Each morning Dr. Ward shared a part of his amazing insight into how Lewis loved myth, lore, and stories of medieval literature (Lewis’ academic focus). One story of Lewis’ life that was shared was how before Lewis was a Christian, his friend J.R.R. Tolkien would share the gospel with him. One day as they walked together, Tolkien—remembering Lewis’ love of mythology—said, “What if one of those myths you love were actually true?” Tolkien talked to Lewis of the story of a person who so loved that he gave himself, so that others might live. Lewis knew this story—it was common in the ancient medieval myths. It speaks to a desire for virtue common to all people. This was the turning point in Lewis’ life, the day he began to realize, “What if one of those myths actually happened?”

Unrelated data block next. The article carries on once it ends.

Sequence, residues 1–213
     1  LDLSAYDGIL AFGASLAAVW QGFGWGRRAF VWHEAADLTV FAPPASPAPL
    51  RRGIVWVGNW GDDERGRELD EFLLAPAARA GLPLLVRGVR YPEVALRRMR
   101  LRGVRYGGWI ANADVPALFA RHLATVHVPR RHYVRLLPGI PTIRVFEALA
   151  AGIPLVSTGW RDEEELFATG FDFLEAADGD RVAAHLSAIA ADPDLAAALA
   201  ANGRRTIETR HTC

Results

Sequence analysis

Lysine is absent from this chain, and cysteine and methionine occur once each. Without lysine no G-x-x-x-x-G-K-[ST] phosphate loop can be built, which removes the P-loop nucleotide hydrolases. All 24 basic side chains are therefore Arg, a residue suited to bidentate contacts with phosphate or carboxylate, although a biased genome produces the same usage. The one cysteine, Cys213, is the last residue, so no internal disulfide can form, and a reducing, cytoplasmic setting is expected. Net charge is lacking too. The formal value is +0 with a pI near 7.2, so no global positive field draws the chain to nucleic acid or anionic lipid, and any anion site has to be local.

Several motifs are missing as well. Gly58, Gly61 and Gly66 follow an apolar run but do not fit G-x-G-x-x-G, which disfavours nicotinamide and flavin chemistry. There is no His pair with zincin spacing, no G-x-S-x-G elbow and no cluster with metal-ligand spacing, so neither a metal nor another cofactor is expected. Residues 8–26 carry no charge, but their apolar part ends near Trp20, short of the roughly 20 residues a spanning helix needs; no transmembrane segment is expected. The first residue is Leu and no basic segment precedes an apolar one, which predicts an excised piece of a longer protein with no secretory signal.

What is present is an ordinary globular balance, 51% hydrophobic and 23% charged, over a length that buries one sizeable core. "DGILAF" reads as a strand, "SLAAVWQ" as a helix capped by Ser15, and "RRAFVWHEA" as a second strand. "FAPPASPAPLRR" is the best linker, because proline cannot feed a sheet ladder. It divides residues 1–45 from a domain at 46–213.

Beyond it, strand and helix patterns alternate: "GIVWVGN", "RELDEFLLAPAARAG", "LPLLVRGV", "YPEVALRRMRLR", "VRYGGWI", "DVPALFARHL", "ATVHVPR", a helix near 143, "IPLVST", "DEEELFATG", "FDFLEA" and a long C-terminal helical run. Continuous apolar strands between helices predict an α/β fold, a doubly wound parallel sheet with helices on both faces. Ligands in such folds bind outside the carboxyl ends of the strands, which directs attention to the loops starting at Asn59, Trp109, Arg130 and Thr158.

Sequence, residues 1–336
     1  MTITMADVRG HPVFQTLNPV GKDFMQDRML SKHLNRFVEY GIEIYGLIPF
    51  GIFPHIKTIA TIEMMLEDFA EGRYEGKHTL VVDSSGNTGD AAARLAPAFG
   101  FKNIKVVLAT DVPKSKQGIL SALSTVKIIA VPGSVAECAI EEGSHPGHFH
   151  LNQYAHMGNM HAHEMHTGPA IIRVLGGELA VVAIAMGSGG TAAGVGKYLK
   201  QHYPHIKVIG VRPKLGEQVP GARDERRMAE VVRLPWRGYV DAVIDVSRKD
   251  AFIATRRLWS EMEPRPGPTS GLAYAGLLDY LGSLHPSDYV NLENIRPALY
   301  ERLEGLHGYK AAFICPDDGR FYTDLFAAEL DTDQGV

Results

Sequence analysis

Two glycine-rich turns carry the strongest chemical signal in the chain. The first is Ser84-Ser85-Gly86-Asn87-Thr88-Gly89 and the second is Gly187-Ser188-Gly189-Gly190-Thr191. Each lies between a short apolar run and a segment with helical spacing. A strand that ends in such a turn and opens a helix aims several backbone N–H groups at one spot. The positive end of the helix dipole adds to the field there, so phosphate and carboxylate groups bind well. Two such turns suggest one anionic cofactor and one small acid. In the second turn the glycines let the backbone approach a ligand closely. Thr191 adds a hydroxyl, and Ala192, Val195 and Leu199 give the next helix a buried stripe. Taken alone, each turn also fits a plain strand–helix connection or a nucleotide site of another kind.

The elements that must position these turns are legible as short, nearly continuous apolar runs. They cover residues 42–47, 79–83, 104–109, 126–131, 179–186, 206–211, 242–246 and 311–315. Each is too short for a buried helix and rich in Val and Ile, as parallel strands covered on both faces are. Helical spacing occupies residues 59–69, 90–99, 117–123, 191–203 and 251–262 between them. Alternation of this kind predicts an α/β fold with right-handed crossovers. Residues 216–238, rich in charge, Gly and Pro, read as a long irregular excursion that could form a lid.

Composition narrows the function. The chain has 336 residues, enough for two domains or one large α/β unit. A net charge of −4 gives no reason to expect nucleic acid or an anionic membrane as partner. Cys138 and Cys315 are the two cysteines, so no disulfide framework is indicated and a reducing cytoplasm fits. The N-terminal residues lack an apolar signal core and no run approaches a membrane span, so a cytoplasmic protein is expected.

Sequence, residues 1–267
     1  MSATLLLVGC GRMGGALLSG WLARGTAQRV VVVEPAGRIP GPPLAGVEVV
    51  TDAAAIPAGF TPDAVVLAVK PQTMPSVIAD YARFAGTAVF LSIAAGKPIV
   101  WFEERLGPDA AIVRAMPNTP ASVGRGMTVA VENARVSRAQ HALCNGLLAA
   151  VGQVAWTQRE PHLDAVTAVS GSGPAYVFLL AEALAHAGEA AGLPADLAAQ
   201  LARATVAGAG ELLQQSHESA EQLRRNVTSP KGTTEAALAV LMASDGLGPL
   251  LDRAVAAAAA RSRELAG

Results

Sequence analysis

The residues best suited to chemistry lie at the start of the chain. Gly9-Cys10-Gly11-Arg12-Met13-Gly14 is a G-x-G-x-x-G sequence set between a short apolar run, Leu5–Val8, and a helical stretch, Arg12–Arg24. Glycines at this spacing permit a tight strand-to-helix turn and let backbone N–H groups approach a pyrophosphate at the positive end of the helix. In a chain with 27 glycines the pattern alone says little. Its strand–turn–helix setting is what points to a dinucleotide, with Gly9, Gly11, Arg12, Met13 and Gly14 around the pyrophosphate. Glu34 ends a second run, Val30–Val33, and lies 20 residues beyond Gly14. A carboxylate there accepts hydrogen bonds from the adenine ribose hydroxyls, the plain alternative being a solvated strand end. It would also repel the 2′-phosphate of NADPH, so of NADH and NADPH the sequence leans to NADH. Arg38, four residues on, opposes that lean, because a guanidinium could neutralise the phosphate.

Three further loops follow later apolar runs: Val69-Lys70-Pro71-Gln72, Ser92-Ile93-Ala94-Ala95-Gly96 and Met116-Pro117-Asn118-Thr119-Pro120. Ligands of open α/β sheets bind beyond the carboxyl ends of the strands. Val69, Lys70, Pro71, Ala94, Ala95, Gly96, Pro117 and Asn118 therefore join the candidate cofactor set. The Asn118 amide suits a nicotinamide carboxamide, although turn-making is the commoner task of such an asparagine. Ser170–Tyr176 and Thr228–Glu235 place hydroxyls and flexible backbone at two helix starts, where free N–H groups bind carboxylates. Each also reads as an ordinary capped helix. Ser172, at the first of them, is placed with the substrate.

Lewis went on to lecture and write on medieval literature in a new way. It was no longer mankind’s existential hope in virtue but now a foreshadowing of the true myth. Lewis would write about how we live in a “shadow land” that is only the weakest of images of what is waiting for us. We live now as vapors full of holes, but then we will be solid for the first time. We go to a reality that will not compare to this world, to a glory that has weight.
The mythological story form Lewis uses in his fiction enables us to identify, to feel, to experience more fully the truthfulness of ideas in our world in a way that speaks to our humanness. God makes us both rational and imaginative—by using both we can know God more fully.
Join us for a two-part event, “A Voyage into Narnia,” that will help you understand and appreciate more of C. S. Lewis, his world of Narnia, and how he intended for us to see God by breathing Narnian air. On Wednesday, May 28, Dr. Michael Ward will join us to discuss the imagery of Narnia that C.S. Lewis used to speak to our souls and draw us to God. And on Saturday, May 31, Joe Rigney, professor at Bethlehem College & Seminary and author of Live Like a Narnian, will apply Lewis’ Chronicles to our call to be and make disciples.
- Jennifer Darawi
- Oct 01, 2013